Here, because DCPS was already obligated to provide an evaluation within 120 days of a referral and to place the student in "an appropriate special education school or program," the hearing officer's order requiring DCPS to place the student in a particular school did not materially change the legal relationship between the parties. The court also questions plaintiff Washington's intent in filing a due process complaint a mere 3 days after formally requesting an IEP hearing for her son. Tex. State Teachers Ass'n, 489 U.S. at 792 (concurring with the Tenth Circuit that nuisance settlements should not "give rise to a prevailing plaintiff" (quoting Chicano Police Officer's Ass'n v. Stover, 624 F.2d 127, 131 (10th Cir. 1980))). Accordingly, plaintiff Washington did not prevail at the administrative level. See Alegria, 391 F.3d at 265 (recognizing that "precedent `counsel[s] against holding that the term prevailing party authorizes an award of attorney's fees without a corresponding alteration in the legal relationship of the parties'" (quoting Buckhannon, 532 U.S. at 605)).
Wash. HOD at 4 (ordering DCPS to place and fund the student at High Road).
See Rhodes v. Stewart, 488 U.S. 1, 3-4 (1988) (explaining that "[a]t the end of the rainbow lies not a judgment, but some action (or cessation of action) by the defendant that the judgment produces") (emphasis added); see also Robinson v. District of Columbia, 2007 WL 2257326, at *5 (D.D.C. Aug. 2, 2007) (determining that the plaintiff was not a prevailing party because the most the hearing officer could do was order a deadline by which DCPS had to perform the evaluation).
2. Plaintiff Gaskins Was Not the Prevailing Party
DCPS filed a due process complaint with the State Education Agency for the District of Columbia against plaintiff Gaskins and her son in February 2006. Compl., Ex. G ("Gask. D.P. Compl."). DCPS alleged that they were "unable to address the special education services required in [her son's] IEP . . . due to his truancy." Id. at 3. The parties reached a settlement agreement at a resolution session on March 2, 2006, stipulating that the student would receive "grief counseling, sanctions for educational neglect, and psychiatric services" and that he would report to school beginning March 6, 2006. Compl., Ex. G ("Gask. HOD") at 3. When the student did not return to school as agreed, DCPS brought a claim before the hearing officer on March 8, 2008, asserting that the settlement agreement was void. Id. at 4. The terms of the agreement, however, stated that it "may be voided by any party within 3 business days of the date the agreement is signed." Id. Because DCPS waited 4 business days before voiding the agreement and because it failed to notify plaintiff Gaskins of its intention to void the agreement, the hearing officer deemed the agreement enforceable and dismissed the action. Id.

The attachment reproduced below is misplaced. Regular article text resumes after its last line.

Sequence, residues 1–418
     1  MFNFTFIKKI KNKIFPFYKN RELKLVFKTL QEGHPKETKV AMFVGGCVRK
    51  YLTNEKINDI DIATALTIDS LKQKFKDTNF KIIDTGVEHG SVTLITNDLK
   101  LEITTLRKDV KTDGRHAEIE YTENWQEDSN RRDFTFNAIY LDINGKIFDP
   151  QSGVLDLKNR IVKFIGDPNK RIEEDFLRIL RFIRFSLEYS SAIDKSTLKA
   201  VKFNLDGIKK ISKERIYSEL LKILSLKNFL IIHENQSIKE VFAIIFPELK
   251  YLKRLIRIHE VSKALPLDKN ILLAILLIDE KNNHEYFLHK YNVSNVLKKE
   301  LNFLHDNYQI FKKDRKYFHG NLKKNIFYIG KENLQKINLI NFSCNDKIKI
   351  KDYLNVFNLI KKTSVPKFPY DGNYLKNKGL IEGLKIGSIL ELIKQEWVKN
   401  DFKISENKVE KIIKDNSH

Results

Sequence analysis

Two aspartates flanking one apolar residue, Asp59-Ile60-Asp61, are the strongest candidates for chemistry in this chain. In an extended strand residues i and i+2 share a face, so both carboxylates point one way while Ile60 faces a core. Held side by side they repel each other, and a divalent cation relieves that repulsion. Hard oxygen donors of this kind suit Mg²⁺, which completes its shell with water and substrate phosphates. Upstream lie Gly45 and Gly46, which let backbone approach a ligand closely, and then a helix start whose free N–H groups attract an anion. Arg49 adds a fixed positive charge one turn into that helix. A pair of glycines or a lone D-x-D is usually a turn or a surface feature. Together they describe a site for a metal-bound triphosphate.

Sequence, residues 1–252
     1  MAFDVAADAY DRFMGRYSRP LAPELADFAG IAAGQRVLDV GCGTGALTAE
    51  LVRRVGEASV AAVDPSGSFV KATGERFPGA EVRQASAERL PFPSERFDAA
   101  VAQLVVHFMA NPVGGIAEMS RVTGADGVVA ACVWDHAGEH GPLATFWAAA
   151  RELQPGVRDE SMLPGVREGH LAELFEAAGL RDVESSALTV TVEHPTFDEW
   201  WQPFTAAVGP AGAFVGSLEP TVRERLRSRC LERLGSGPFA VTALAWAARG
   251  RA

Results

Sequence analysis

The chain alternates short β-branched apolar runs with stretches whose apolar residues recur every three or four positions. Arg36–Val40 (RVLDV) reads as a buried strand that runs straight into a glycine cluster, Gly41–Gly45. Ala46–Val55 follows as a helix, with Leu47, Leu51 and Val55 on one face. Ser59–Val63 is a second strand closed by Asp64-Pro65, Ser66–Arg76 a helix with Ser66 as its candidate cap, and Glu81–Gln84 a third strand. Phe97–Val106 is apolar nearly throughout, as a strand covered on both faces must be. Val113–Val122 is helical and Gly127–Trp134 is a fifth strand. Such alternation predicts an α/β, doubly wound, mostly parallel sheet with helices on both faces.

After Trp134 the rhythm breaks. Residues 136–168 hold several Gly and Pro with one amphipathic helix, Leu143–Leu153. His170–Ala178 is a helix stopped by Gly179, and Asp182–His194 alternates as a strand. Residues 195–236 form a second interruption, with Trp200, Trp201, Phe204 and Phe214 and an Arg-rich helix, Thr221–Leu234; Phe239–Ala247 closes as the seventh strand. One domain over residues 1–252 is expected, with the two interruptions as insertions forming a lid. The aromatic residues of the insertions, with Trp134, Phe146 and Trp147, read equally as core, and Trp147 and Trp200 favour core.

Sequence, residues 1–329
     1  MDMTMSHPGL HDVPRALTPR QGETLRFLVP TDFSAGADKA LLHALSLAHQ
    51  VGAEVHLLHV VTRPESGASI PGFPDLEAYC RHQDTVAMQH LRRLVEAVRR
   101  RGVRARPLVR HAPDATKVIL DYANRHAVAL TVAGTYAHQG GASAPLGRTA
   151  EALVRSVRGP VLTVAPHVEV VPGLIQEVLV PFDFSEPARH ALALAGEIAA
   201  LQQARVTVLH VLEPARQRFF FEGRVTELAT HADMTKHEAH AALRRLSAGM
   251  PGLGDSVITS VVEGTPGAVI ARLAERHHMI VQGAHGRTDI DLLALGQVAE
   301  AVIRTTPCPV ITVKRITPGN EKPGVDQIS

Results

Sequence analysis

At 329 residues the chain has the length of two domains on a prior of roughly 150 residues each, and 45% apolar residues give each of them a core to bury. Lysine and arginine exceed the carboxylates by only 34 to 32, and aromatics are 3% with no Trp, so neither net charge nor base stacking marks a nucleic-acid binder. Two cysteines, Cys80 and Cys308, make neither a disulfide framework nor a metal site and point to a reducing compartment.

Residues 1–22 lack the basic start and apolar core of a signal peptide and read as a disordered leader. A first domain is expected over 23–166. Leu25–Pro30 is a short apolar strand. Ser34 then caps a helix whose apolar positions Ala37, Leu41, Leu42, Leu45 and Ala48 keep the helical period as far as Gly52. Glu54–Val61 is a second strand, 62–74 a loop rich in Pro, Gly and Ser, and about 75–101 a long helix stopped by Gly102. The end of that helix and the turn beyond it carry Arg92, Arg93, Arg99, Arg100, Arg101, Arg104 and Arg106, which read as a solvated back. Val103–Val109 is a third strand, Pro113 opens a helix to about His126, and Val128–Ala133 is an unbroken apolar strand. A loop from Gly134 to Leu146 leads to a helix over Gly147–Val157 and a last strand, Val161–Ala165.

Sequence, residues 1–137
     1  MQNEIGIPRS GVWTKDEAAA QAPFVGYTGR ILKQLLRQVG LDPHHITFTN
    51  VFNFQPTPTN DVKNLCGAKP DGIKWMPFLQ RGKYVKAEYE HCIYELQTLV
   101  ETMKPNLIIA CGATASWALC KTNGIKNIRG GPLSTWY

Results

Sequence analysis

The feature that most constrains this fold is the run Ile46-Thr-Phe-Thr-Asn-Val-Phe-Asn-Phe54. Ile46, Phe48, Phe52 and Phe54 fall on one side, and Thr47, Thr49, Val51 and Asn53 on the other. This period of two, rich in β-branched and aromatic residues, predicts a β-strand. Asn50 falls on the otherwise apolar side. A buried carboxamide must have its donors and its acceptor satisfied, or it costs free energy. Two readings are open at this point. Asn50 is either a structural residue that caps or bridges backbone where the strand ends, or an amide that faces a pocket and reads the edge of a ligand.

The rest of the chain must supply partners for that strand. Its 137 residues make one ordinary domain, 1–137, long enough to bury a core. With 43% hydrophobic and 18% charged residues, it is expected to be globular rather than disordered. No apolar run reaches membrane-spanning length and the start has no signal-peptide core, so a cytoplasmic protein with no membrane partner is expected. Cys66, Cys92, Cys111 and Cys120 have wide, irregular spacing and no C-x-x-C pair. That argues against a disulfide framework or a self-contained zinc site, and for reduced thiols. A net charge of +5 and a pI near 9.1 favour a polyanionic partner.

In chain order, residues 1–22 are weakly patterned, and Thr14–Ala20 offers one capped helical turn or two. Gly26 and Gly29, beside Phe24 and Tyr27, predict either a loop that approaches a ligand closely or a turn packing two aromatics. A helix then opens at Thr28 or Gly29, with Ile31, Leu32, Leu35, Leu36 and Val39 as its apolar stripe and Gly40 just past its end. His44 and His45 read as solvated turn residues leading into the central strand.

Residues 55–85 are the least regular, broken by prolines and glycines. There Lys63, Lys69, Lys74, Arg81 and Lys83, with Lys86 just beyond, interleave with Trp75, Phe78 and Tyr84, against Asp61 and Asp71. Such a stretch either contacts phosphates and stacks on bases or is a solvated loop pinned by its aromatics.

The defendants contend that plaintiff Gaskins was not a prevailing party at the administrative level because enforcing the settlement agreement did not alter the parties' legal relationship in a real and substantial manner. Defs.' Opp'n at 4. The plaintiffs respond that successfully defending the claim brought against plaintiff Gaskins qualifies her as a prevailing party. Pls.' Reply at 5-6. Although a settlement, by itself, cannot convey prevailing party status, Alegria, 391 F.3d at 263, if the settlement receives "some official judicial approval . . . and some level of continuing judicial oversight" it may give rise to a prevailing plaintiff, T.D. v. LaGrange Sch. Dist. No. 102, 349 F.3d 469, 479 (7th Cir. 2003) (citing Buckhannon, 532 U.S. at 604 n. 7). Continuing judicial oversight, however, "will often be lacking unless the terms of the agreement are incorporated into the order of dismissal." Buckhannon, 532 U.S. at 604 n. 7.
In this case, the parties offer no arguments on the issue, but the record reflects that the hearing officer did no more than dismiss the complaint without prejudice. Gask. HOD at 4 (ordering that "the Complaint is DISMISSED WITHOUT PREJUDICE . . . [and] that this Order is effective immediately"). Clearly, the hearing officer did not incorporate any of the terms from the parties' agreements at the resolution session into this order. Id. Because the hearing officer's decision requires no further oversight, the court concludes that plaintiff Gaskins was not the prevailing party. See Abraham, 338 F. Supp. 2d at 120 n. 8 (noting that "[i]t would be insufficient for an HOD to merely mention the existence of a settlement agreement or to dismiss the claim as moot due to settlement").